Palabras clave:
Nefropatia diabetica
Barrera de filtracion glomerular
Receptores de VEGF
Oxido nitrico
Receptor de insulina
Diabetes mellitus
Enfermedad renal cronica
Full Text
Issue relevance

The prevalence of diabetes mellitus has increased worldwide since the last century1. In adults aged between 20 and 79 years of age, its prevalence reaches 8%1. Diabetes spreads through rich and poor countries, but it is prevalent in vulnerable groups and lower-income regions of the world. Territories showing the highest numbers of affected individuals are: China, India, the United States, Brazil and Russia1. This situation is associated with greater urbanisation, low socioeconomic level, inequality, increased life expectancy and population density, ethnic factors, nutrition, physical inactivity, and being overweight1,2. In Spain, a diabetes prevalence rate of 13.8% was reported, while 6.0% had not yet been diagnosed3. Recent estimates suggest that worldwide prevalence will have doubled by 2035, while in our region, South America and Central America, it will have increased to 9.8%1,2. In addition, 45.5% of individuals with diabetes will not be diagnosed with the disease1,2.

In the urban population located on the coasts of our region, diabetes prevalence is higher than in the mountains or the jungle, and the same happens with people who move from the rural to the urban environment1,2. Moreover, native populations are particularly vulnerable due to the change in lifestyle, marginalisation and lower exposure to health care systems2. In Ecuador, the prevalence of diabetes is 6%, and in 2010 it was the second cause of mortality2,4,5. In the provinces of Guayas, Los Ríos and Manabí, located on the Pacific coast, the mortality rate due to diabetes and industrialised food consumption is higher; meanwhile, in the Amazon, natural food-based nutrition predominates and the rate is lower6 (Figure 1).

Figure 1.

– In Ecuador, mortality caused by diabetes mellitus was higher in the provinces of Guayas, Los Ríos and Manabí, located on the Pacific coast. Map shows the mortality rate due to diabetes mellitus (deaths/100,000 individuals per year, INEC [Instituto Nacional de Estadísticas y Censos National Institute of Statistics and Census of Ecuador] 2011). This figure is part of a figure originally published by Neira-Mosquera et al.6, with minor modifications (authorised reproduction).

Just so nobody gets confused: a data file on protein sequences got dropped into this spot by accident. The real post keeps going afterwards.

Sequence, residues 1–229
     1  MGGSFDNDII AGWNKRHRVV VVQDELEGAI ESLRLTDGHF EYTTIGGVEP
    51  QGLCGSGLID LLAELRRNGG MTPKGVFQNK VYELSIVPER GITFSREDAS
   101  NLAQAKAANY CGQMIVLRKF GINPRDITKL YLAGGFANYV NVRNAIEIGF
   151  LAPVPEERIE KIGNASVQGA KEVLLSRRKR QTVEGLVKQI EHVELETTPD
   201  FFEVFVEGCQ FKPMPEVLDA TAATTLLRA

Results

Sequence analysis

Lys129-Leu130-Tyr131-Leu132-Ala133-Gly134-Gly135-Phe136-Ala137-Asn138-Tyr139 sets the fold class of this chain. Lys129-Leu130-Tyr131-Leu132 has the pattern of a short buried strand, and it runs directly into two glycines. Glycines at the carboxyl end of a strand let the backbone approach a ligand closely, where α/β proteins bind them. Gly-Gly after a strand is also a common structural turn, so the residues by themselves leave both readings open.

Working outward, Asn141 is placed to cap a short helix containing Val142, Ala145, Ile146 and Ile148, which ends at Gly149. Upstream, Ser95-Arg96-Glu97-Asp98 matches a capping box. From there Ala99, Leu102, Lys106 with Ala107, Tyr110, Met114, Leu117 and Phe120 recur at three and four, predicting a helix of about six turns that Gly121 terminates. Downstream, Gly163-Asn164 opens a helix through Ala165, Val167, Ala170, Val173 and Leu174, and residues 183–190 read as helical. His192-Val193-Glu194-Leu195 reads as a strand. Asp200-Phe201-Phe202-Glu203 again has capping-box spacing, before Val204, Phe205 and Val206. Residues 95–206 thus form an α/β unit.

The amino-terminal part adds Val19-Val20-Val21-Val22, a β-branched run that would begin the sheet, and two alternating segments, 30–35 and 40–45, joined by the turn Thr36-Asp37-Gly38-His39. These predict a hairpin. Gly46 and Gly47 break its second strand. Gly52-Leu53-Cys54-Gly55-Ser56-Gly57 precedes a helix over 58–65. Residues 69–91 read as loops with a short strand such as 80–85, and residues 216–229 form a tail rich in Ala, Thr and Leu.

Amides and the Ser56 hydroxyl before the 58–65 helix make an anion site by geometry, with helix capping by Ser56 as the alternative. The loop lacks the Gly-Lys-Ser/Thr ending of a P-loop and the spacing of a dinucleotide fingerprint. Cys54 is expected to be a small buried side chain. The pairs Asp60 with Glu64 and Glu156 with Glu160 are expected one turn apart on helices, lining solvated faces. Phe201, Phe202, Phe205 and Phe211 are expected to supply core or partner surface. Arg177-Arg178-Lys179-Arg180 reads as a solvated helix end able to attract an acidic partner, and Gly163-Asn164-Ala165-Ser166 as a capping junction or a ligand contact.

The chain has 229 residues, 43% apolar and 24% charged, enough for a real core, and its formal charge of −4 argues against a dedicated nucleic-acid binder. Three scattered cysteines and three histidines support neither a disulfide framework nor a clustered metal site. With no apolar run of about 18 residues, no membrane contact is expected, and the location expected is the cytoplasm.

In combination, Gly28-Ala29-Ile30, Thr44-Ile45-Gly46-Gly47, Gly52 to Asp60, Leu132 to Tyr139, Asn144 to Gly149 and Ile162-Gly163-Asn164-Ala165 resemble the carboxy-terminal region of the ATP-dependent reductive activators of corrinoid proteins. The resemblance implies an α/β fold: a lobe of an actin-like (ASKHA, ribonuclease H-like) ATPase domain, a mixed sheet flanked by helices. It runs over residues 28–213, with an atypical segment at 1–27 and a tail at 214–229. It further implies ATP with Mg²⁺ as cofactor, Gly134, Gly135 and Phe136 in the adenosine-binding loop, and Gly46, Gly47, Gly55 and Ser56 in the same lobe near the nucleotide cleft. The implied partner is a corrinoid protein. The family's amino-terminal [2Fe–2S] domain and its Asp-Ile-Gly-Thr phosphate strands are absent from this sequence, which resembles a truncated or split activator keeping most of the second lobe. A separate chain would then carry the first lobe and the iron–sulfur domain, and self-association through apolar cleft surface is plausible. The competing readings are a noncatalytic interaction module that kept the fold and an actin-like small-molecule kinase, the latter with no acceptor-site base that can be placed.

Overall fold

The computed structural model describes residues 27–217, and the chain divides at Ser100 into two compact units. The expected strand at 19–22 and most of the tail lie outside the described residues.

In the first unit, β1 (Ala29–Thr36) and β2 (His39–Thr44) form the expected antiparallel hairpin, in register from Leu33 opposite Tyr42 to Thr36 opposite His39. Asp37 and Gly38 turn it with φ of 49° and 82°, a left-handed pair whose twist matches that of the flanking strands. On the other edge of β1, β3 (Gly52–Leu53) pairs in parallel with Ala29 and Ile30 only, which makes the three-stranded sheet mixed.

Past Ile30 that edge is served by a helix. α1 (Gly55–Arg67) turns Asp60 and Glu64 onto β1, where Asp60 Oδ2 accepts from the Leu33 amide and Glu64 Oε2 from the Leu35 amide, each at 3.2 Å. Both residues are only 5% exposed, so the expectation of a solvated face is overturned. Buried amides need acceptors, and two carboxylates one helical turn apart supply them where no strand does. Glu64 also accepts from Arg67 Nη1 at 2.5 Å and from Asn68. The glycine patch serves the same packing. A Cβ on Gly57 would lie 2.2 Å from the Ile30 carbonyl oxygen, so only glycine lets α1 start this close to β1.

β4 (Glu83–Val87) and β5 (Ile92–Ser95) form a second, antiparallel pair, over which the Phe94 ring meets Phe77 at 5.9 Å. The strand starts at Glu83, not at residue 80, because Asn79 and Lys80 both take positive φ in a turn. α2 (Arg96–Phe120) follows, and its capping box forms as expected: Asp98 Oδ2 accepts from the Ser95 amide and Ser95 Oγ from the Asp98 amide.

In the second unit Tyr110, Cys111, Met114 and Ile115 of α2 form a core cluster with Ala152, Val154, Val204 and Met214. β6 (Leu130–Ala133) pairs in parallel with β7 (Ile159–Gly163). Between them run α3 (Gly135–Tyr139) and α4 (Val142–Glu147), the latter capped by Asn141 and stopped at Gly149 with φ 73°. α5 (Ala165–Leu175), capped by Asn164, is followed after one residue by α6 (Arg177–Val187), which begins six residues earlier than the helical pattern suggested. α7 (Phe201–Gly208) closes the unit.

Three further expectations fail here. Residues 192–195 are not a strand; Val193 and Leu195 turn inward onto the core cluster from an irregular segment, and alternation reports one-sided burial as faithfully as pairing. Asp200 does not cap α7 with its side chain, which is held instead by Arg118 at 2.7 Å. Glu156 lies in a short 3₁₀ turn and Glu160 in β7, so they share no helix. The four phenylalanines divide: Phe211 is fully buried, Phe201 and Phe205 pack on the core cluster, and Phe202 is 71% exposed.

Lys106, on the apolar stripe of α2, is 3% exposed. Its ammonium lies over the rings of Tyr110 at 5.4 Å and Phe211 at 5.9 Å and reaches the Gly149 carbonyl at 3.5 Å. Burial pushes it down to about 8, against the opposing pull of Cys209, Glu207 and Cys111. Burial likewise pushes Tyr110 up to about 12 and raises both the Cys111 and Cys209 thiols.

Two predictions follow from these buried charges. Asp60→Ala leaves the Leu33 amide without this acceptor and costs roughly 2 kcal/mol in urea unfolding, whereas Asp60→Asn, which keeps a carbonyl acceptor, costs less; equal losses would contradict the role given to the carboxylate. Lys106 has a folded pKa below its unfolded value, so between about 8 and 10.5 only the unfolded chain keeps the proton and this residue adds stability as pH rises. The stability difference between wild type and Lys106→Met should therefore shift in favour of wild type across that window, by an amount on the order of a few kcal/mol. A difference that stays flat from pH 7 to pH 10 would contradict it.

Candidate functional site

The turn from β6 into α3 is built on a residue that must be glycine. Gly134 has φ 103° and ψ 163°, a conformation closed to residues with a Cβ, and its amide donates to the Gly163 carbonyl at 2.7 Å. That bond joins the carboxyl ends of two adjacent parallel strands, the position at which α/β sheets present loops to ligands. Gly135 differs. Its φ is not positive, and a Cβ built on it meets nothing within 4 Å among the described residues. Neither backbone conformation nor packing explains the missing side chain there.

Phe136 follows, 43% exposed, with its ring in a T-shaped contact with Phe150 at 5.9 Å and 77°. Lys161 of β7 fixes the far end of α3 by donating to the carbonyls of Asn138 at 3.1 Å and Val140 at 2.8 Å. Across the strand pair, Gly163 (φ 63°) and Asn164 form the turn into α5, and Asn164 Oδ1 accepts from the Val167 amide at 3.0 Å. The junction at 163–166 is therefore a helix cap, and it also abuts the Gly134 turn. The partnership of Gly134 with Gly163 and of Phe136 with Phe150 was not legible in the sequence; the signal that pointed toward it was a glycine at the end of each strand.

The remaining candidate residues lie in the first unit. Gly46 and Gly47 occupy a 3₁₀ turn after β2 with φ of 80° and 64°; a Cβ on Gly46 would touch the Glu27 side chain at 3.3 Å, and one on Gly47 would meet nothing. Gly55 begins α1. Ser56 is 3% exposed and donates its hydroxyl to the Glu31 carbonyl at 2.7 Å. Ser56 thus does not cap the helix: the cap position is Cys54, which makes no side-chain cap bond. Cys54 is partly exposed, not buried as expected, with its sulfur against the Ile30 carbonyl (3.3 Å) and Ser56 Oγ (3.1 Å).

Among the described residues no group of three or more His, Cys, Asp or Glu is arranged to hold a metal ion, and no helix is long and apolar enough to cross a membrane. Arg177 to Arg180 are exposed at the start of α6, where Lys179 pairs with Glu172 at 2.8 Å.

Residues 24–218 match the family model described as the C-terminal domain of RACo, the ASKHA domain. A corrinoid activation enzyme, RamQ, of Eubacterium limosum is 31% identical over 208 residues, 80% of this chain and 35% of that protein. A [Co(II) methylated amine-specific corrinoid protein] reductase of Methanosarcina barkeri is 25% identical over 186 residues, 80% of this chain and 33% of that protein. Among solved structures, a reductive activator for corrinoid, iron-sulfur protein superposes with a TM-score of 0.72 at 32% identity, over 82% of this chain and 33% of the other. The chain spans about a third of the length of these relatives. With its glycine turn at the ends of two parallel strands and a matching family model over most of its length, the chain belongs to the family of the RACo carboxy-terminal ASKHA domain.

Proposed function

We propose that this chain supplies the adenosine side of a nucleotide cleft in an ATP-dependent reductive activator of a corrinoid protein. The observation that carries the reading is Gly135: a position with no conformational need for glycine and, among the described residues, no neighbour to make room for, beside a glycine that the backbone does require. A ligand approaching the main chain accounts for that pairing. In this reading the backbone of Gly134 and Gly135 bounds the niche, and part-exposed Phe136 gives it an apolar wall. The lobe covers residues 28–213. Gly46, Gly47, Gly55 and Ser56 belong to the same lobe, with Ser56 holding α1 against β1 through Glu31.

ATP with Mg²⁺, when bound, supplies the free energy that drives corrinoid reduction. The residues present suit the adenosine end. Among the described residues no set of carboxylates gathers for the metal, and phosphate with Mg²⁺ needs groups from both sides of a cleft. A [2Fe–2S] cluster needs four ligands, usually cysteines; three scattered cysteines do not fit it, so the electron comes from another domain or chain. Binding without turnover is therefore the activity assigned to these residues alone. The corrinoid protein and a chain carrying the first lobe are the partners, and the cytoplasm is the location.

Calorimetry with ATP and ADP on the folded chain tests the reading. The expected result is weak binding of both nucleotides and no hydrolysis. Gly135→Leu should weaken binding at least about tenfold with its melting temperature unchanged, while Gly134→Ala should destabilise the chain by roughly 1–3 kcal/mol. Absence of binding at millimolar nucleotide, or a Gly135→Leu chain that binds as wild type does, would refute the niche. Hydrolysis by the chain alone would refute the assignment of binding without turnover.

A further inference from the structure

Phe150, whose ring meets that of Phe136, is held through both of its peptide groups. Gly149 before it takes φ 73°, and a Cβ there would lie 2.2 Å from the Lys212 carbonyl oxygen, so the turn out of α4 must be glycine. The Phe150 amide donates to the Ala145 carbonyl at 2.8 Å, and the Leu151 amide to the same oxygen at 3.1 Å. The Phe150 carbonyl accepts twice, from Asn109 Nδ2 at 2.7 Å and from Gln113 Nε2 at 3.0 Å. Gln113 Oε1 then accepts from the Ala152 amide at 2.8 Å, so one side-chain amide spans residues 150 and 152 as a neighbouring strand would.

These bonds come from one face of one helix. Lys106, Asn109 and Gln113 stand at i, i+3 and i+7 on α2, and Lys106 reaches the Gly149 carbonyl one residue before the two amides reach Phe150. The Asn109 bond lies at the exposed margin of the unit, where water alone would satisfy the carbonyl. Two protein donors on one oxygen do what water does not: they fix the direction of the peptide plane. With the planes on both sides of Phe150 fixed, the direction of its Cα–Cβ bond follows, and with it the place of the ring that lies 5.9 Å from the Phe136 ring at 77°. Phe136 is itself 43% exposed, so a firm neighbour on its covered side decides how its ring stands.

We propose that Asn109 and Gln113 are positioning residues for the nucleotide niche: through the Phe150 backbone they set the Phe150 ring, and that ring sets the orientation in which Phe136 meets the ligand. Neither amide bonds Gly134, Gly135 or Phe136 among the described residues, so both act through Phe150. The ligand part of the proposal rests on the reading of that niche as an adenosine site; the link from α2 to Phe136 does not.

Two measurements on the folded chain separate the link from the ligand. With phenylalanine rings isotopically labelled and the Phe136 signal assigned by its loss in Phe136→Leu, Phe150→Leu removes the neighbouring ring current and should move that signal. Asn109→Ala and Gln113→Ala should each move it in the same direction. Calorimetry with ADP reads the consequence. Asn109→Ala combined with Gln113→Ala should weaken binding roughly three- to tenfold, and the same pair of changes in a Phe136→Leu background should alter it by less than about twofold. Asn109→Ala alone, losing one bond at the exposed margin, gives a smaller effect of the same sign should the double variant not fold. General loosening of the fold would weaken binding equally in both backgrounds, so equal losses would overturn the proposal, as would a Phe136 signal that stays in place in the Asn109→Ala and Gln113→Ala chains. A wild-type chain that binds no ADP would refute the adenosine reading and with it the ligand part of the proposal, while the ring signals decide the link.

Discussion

Kidney disease caused by diabetes is called diabetic nephropathy (DN). About 30% of patients with diabetes develop DN7,8. Such disease is the main cause of chronic kidney disease (CKD) and of admission to dialysis7–11. The increase in adult diabetes has been recorded in the last few decades, and CKD affects 10% to 16% of adults, which constitutes a serious worldwide problem7–11. In South America, the prevalence of diabetes and end-stage CKD (ECKD) has increased in recent decades, and access to dialysis varies greatly among these countries9–11. In Ecuador, the prevalence of patients who received renal function replacement therapy in 2010 was 406 individuals per one million inhabitants11. On the other hand, the renin-angiotensin-aldosterone system (RAAS) inhibitors constitute the best therapeutic option for DN, but the residual risk of ECKD continues to be high and the association of these drugs was related to hyperkalemia and acute kidney failure (AKF)12,13. The search for new therapeutic alternatives is necessary.

Population studies raise awareness of the problem, while the knowledge generated in research laboratories expand our understanding of the biological events that occur in individuals. In this review, we will include anatomical and pathophysiological concepts that reveal the crucial importance of events occurring at the glomerular level. In addition, we will analyse the role played by the vascular endothelial growth factor (VEGF-A) and its relationships with nitric oxide (NO), the insulin receptor and angiopoietins. Finally, we will consider basic aspects and the analyses of recently published molecular and cellular studies.

Anatomical and pathophysiological aspects of DN